“X-ray navigation has a power to turn an enabling record for really low space scrutiny and an critical augmentation to NASA’s Deep Space Network” (the network of belligerent stations that promulgate with booster to make march corrections), pronounced co-developer Luke Winternitz, also of NASA Goddard, whose curriculum vitae also includes a growth of another modernized navigation technology, a Navigator receiver that captures a GPS vigilance even in low-signal environments.

With a Explorer win, a NICER/SEXTANT group will start building and integrating a telescope package and compared hardware and software.

But as with all booster missions, end-to-end contrast presents another set of challenges. “We had to have a approach to exam a technology,” Winternitz said. “We have GPS constellation simulators that make a GPS receivers consider they are in orbit; we indispensable something equivalent for an XNAV receiver.”

Mimicking Pulsar Pulsations

In essence, a pulsar-on-a-table does only that.

It leverages several Goddard-developed navigation and orbit-determination program collection and specialized hardware to impersonate a pulsar’s spin rates, a plcae in a sky, a station’s orbital parameters, and other considerations indispensable to copy a sourroundings and conditions that NICER/SEXTANT will confront when formulating a maritime solution. “You can change a lot of a parameters in a testbed and supplement hardware in a loop, to perform a full apartment of tests,” Winternitz said. “We now have a approach to take a goal judgment and exam it fully.”

A executive member of GXNLT is Goddard’s Modulated X-ray Source, that produces X-ray photons with fast varying intensity, branch on and off many times per second to copy a aim star’s pulsations. Each MXS-produced photon travels by a brief channel and impinges on a silicon-drift detector, where it receives a time stamp. The photon events are grouped into batches and processed by algorithms to remove pulse-arrival time and Doppler measurements. A set of collection afterwards uses these measurements to guess a orbital outpost’s position all indispensable to eventually delineate a maritime solution.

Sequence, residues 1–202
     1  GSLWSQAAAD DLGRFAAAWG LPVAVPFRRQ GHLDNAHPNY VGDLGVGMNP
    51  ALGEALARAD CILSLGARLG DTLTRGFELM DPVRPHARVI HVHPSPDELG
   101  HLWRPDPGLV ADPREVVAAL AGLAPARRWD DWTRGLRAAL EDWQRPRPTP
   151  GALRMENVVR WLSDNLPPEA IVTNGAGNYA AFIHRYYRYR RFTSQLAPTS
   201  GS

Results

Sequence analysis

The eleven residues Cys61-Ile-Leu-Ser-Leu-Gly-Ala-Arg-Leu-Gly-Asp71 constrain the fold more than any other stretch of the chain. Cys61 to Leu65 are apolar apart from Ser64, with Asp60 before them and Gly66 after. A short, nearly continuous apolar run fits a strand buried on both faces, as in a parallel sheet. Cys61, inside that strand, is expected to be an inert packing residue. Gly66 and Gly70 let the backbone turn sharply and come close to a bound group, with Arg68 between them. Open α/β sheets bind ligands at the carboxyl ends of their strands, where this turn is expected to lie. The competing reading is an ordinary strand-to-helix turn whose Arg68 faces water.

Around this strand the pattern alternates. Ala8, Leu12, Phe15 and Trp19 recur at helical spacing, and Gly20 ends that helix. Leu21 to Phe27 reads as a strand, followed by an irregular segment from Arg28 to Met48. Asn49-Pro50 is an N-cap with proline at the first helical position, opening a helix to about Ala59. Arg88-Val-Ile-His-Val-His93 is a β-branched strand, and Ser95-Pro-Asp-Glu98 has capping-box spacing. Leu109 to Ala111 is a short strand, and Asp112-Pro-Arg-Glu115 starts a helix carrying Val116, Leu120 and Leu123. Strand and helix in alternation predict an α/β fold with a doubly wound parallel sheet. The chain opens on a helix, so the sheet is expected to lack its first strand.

To ground-truth a calculations, a group will run comparisons with an onboard GPS receiver formed on a Goddard-developed Navigator receiver. Two NASA missions will use a Navigator record to acquire GPS signals in weak-signal areas. Experiments with a testbed have shown that NICER/SEXTANT, once deployed, will denote real-time calculations with sub-kilometer accuracy, Winternitz said.

“The whole indicate is to exam as we fly,” Mitchell said. “This testbed enables that.” But what is a facility’s many important attribute? It’s a fact that “it can copy a pulsar,” Mitchell said. “To my knowledge, zero in a universe can do this.”

For some-more information about a NICER/SEXTANT mission, revisit http://heasarc.gsfc.nasa.gov/docs/nicer/

For some-more Goddard record news, revisit http://gsfctechnology.gsfc.nasa.gov